Forums Latest Members

Dreaming of electric tags, my new Formula 1

  1. colonel

    colonel Nov 10, 2022

    Posts
    73
    Likes
    88
    20221110_074249.jpg
    I have never really looked at Formula 1 watches before. Maybe because I am into more expensive ranges, and I haven't bought an electric watch since the 90s !!!! However this changed recently when I decided to buy a few electric watches. It's just so convenient not having to set the time and date as you rush out, and knowing that the time is completely reliable. There are other fringe benefits, e.g. not worrying about whether it had been wound - the option of putting on the desk in front of you to see the time, and just putting it on the wrist when popping out.
    PSX_20221108_184921.jpg
    What I didn't realise was the quality and design thought that has gone into the Formula 1, particular the evolution of the chronograph. It has an attention to detail I haven't see before at this price range, and really is a watch Tag Heuer can be proud of. A great form vs fun balance.
    PSX_20221108_212442.jpg
    Lets hit comfort first, even before design. After many years of wasting money watch collecting, I have realised that comfort is critical to enjoyment and a keeper. Here the 43mm case is on one hand a major boon as everything is so clear. Surprisingly it doesn’t look like a 43mm, it looks more like a 41.5mm, maybe it’s the interplay between the thin bezel, yellow outer band and black face ? anyhow, it is also a major disadvantage, as small wrist people will read and think “too big!”. With watches, the case width is only one aspect of the story, other measurements being even more important. Luckily, with my small wrist, I actually tried it on, and it is perfect. Seiko like, the lug-to-lug is a compactish 48.5mm (my limit for my small 6.7” wrist is generally 51mm) and the rubber strap (and the bracelet) drops vertically before the absolute end of the lug. Together with the just over 12mm thickness, it’s a delight to wear. Also worth noting that the watch has a nice weight it, not too much, but it’s a solid piece.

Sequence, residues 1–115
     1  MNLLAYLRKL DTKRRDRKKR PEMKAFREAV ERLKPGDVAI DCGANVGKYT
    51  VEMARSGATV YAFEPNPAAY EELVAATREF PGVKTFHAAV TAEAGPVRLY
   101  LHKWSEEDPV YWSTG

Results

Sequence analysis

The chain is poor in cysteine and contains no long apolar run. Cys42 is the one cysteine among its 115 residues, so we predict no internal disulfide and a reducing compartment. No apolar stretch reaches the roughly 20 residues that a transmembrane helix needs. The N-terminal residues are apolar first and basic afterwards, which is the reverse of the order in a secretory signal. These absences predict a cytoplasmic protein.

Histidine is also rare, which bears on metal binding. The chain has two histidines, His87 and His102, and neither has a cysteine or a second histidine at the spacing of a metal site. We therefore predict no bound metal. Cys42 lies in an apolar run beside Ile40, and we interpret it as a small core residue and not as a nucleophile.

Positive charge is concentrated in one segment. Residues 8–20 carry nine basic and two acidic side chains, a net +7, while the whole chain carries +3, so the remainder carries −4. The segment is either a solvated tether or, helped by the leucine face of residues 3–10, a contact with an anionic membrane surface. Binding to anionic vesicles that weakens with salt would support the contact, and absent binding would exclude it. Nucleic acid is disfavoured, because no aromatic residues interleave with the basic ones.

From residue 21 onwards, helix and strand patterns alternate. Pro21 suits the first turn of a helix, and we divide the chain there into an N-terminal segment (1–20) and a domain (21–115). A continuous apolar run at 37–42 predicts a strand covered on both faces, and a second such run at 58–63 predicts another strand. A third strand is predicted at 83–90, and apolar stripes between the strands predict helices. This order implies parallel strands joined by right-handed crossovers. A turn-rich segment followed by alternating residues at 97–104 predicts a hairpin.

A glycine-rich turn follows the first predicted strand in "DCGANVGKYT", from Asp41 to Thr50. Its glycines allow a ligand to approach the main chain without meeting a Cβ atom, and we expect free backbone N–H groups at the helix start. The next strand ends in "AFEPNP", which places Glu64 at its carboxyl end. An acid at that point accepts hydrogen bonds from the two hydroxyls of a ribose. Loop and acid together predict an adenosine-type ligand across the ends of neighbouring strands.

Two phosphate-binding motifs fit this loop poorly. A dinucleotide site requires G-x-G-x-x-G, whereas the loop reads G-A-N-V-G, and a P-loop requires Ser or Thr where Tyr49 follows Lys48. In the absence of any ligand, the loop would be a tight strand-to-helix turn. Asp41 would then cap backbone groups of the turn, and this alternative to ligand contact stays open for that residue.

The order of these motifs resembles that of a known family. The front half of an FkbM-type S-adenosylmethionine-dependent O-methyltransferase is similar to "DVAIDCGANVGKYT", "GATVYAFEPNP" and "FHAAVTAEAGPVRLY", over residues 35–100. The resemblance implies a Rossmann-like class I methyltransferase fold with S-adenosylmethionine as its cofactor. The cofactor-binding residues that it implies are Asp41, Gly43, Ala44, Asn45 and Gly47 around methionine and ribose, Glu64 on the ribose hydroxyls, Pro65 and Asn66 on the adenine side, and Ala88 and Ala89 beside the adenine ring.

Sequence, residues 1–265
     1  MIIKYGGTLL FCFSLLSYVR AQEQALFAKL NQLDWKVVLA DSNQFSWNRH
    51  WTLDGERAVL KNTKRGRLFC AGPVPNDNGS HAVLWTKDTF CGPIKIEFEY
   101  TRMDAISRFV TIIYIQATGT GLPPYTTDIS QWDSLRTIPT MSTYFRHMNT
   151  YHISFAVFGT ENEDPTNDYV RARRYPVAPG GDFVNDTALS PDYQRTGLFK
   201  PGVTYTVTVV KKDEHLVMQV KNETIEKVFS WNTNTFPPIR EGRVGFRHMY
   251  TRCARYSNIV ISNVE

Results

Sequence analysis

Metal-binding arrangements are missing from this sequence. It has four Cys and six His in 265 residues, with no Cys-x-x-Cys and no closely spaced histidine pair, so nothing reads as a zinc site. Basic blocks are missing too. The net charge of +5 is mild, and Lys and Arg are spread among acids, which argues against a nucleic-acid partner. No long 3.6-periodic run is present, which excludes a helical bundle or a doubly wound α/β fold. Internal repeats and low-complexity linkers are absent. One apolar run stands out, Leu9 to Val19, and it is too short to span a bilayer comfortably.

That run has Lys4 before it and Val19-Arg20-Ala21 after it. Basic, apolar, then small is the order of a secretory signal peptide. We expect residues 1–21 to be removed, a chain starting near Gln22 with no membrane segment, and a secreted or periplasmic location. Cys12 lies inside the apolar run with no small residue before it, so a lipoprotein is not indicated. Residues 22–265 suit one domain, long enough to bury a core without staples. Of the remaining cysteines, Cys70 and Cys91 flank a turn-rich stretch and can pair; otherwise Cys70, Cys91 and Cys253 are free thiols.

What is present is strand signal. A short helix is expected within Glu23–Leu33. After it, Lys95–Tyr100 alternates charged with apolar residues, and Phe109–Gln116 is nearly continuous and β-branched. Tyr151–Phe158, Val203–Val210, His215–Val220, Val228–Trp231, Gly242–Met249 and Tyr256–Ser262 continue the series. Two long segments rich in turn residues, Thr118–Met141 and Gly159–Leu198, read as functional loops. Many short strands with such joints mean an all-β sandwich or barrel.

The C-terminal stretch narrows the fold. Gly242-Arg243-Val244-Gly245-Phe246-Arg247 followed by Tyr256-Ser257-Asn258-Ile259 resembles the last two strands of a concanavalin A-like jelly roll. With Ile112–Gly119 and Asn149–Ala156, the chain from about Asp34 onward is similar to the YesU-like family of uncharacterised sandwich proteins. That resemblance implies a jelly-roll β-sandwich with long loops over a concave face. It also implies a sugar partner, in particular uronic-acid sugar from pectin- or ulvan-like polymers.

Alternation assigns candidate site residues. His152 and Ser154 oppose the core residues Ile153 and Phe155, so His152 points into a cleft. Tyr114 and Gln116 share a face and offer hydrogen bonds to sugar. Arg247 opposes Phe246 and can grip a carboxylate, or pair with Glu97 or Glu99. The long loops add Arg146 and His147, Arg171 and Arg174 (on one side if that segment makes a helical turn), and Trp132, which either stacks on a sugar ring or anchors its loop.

Formula 1 watches are strongly racing themed, and I guess it’s personal taste, but this particular colourway is a little more laid back and serious. It also has detail that is not common at this price point.
    PSX_20221109_133908.jpg
    The dial is black with has a “3D like” checkered tile finish. As you tilt the watch and light moves, it transitions between inky black and the race end. The thin and relatively subtle yellow outter circle is sporty and shows the minutes clearly. Not going to describe every detail of the dial, but from the sub-dials to the main hands, this has been expertly designed for clarity and impact. It feels like there has been substantial evolution of the design over the many decades of the Formula 1 series. The text is thankfully minimal, and the date integration is nicely done. I don’t buy a watch without a date, and its always nice to see one both clear, and fading into the background when not needed.
    PSX_20221108_210041.jpg
    Unusually for a Formula 1, the bezel on my model is ceramic, in a lovely dark grey. The glass next to it is a flat coated sapphire crystal. The watch is matt on the top with polished sides. A surprise for me is that the pushers are recessed and the large comfortable crown is screw down. This gives the watch a 200m diving rating, great for a feeling of robustness and also useful when travelling and swimming.
    PSX_20221108_212521.jpg
    The back of the watch is closed, no “Bulova” like sapphire window, and has the Formula 1 checked flag logo.
    PSX_20221108_185644.jpg
    The strap is soft and thick silicone and rubber with a push pin clasp. The lug width in an unusual 21.5mm, so 22mm straps should fit.
    PSX_20221108_185026.jpg
    The movement is the Ronda 5040D, 13 Jewel version. The bottom sub-dial has an interesting function not described in the supplied manual. It counts 1/10 second intervals for the first 30 seconds, then becomes an hour counter after 30mins. A great function, also not documented in the manual (but can be seen on the Ronda website’s manual), is an adjustment function with sets the position of the hands to an accurate zero, for example if they become off centre during a battery change. Lastly, if the crown is pulled out, the watch is switched off - useful for not draining the battery if unused for extended periods. This is however one watch where I would prefer a Tag Heuer boutique to change the battery, to both reseal properly, and also as there is a pad under the battery which a common-or-garden jeweller might not have.
    PSX_20221109_133832.jpg
    Hopefully, I am done now on new watches for a bit!
     
    Edited Nov 10, 2022
  2. imagwai

    imagwai Nov 10, 2022

    Posts
    4,977
    Likes
    5,645
    Congrats. I like this model, but have seen a lot of fakes of it doing the rounds on Facebook. Having tried on a friend's similar model recently, I agree that it wears smaller than 43mm although I'd prefer it to be a little smaller still personally. But I'd definitely consider one at this price point.
     
    colonel likes this.